Can Security Red-Team Exercises Give You ROI On Your Cyber Security Expenses?
Updated: Jan 14
Penetration testing has always been a way for companies to test their resilience to a cyberattack and their preparedness.
In recent years, we can see a shift in this practice, from a penetration test of a specific system, or systems, to a more elaborate, full-blown attack launched on the whole organization in the form of a red-team exercise. Being the founder of a red-team exercise provider, I have seen companies go through this process. Companies do this to evaluate the worst-case scenario, what will happen during a security breach, and how well equipped the organization is to identify and respond.
In the scenario of a red-team exercise, a group of attackers has identified one or more security holes that will allow them to: access the organization's network. Once the attackers gain access to the network, they will usually try to go after the "crown jewels," including its financial systems, private intellectual property, and data of its business and clients. Sometimes attackers can spend many months on a compromised organization's network to fulfill their plans and fully exploit the organization.
Many organizations have learned this lesson the hard way, with several attacks launched against large corporations, such as Sony Pictures, Marriott, Yahoo, Target, Alteryx, and Equifax. However, this shift also came from industry leaders, seeing where other companies fail and proactively handling these situations.
Nowadays, we see company leadership asking questions like: How can we tell if we are a victims of a cyberattack? Will we know when it happens? Are we equipped enough to handle this incident in real-time? Have we wisely spent the millions from our security budget on these security tools? Can we trust them when the time comes?
This maturity phase of the security industry is also the dawn of understanding that for an organization that wants to be ready for cyberattacks, there is no magic solution, no silver bullet.
When companies start performing these security red team exercises, I usually see initial shock. At first, most organizations don't even know that anyone has infiltrated their network. Even when the red team reaches their SAP systems, compromises management laptops, and takes control of critical systems — they often know nothing about it.
The second exercise is usually much better. Improved detection usually enables seeing the attackers on their accounting systems, but the response is nonexistent. By that time, usually, management becomes a bit restless, and that's when some significant improvements start happening.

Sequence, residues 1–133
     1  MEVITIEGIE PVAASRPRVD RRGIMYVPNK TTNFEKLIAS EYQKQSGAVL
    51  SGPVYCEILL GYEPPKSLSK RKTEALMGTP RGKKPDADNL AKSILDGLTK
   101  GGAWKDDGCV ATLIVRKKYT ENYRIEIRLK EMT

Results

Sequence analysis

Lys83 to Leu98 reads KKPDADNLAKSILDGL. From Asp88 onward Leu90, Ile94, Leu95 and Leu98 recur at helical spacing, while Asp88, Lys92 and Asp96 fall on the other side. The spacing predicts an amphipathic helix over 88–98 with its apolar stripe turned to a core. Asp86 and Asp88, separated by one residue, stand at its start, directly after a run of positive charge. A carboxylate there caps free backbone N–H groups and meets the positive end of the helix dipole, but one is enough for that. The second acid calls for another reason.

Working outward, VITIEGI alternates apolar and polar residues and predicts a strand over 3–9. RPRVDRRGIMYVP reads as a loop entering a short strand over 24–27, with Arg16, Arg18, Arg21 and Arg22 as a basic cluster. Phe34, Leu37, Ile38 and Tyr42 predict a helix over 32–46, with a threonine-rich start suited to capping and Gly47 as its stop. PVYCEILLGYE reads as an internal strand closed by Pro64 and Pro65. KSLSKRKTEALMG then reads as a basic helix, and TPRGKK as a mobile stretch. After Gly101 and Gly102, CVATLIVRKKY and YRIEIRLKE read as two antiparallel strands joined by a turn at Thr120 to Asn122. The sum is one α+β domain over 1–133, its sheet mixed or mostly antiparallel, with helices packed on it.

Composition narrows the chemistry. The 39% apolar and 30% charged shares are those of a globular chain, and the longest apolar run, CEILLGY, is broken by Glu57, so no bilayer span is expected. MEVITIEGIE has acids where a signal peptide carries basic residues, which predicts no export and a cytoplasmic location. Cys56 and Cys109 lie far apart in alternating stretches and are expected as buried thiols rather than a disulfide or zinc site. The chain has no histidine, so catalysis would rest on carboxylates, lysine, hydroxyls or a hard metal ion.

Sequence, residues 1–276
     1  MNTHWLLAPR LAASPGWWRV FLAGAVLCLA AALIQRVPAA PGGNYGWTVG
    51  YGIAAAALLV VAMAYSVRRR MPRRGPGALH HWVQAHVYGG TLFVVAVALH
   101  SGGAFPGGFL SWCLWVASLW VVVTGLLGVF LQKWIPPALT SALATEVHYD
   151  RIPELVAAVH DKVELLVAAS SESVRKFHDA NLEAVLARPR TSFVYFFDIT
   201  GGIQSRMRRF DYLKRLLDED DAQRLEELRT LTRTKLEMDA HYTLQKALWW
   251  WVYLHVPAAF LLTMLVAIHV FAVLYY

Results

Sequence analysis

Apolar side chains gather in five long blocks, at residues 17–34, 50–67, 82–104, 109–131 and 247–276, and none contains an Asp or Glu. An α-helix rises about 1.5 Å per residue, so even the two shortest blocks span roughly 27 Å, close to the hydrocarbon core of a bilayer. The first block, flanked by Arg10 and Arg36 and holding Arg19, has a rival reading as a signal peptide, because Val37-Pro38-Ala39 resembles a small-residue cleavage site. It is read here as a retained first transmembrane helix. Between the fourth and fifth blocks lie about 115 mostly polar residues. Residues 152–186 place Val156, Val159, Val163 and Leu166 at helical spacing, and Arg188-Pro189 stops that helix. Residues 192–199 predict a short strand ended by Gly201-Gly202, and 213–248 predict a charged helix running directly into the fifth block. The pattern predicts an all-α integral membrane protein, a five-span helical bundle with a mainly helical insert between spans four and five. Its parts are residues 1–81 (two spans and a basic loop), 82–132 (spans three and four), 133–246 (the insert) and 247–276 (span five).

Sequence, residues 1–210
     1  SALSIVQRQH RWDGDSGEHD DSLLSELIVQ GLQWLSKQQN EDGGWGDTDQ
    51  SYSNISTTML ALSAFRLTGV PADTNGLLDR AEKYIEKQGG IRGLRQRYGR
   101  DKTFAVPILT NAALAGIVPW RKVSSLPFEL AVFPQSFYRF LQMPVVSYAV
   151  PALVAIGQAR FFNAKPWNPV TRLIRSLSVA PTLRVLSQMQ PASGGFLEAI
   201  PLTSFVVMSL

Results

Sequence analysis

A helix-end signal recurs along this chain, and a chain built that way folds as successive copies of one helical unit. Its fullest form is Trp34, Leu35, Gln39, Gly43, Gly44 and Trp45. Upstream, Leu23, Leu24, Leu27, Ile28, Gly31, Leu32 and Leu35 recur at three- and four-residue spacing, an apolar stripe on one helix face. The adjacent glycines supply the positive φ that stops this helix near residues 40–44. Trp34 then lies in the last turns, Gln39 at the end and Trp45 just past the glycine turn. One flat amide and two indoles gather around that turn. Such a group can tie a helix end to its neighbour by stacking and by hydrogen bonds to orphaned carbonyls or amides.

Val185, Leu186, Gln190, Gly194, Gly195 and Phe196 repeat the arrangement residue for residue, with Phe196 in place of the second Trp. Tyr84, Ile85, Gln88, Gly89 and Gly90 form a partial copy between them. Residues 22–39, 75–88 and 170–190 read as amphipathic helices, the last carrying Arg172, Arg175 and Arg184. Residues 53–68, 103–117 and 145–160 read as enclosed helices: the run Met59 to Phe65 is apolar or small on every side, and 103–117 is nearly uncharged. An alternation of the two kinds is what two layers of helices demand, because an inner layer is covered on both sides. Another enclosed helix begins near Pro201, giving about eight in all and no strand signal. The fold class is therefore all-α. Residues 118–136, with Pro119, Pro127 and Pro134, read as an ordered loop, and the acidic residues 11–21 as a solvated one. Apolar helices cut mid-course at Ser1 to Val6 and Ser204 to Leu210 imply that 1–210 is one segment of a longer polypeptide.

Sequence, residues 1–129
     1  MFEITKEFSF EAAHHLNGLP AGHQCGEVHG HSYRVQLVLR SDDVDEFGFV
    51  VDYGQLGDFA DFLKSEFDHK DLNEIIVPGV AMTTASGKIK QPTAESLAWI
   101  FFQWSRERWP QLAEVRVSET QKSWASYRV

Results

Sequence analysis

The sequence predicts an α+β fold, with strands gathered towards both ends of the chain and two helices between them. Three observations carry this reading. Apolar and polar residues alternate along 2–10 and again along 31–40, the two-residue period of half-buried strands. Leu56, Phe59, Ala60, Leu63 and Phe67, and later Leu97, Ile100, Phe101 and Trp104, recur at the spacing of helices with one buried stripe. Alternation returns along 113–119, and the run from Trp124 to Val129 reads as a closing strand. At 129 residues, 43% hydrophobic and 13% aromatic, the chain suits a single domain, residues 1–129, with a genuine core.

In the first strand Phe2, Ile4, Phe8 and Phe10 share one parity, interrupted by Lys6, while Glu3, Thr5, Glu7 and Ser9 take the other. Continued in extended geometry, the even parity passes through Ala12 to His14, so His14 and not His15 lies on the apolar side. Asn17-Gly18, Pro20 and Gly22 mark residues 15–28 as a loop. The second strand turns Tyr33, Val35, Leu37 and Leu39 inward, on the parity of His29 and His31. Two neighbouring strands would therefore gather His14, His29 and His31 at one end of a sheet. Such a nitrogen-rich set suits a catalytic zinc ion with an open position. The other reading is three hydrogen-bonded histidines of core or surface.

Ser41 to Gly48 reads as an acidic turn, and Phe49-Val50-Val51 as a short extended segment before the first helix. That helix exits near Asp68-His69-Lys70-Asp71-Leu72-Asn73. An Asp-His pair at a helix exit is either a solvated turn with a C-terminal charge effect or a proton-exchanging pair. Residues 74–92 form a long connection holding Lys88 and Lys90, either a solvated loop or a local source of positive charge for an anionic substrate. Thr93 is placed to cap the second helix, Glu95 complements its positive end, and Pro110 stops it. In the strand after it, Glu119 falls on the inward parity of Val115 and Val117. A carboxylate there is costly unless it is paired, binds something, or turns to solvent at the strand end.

Organizations that regularly perform this activity become very effective within a couple of years. EDR solutions support the improvement in detection. When deployed correctly, these solutions can grant the organization more visibility in real-time and into the forensics of the attack. Unfortunately, cybersecurity is a game of cat and mouse — some advanced attack methods bypass these EDR solutions.
Preparing an organization for a cyberattack involves higher management, the technical teams, and the security teams. Testing all layers of the security stack and the way the security team, handles security incidents will show the holes in an organization's defenses. Not only that, but this exercise can help identify which security tools operate well (and which should to replace) and will help the organization to learn and adapt to this changing reality.
When a company takes its first steps in the form of a red-team exercise, I recommend keeping in mind the following:
• Prepare to be surprised: The product of the first exercises can be somewhat "scary," Still, a friend (e.g., a trusted vendor/service provider) should find these problems rather than a hacker or a malicious entity.
• Remember, this is a proactive exercise: The goal is to identify the weakest links in the organization's defenses and fix them, not find who is responsible and punish them.
• Rules of engagement are a critical piece of the puzzle: Due to the sensitivity of these exercises, one should lay them out very clearly.
The targets of a red team (sometimes referred to as "trophies") can be of a large variety, so make sure these targets align with your goals and plans. For example, a marketing website fearing defacement, which would significantly impact the brand’s reputation. This defacement would make a different target compared with a financial institution concerned with having its sensitive clients' data accessed or a pharmaceutical company that malicious parties will steal its IP assets and formulas.
A red-team exercise can serve as an MRI scan of an organization's security infrastructure. A successful red-team exercise will showcase the main gaps and whether the organization can adequately identify a cybersecurity attack, respond to the attack, identify the root causes and hopefully prevent future episodes. It will also present the organization’s gaps in terms of tools, knowledge and methods, such as application security, network segregation, vulnerability management and more.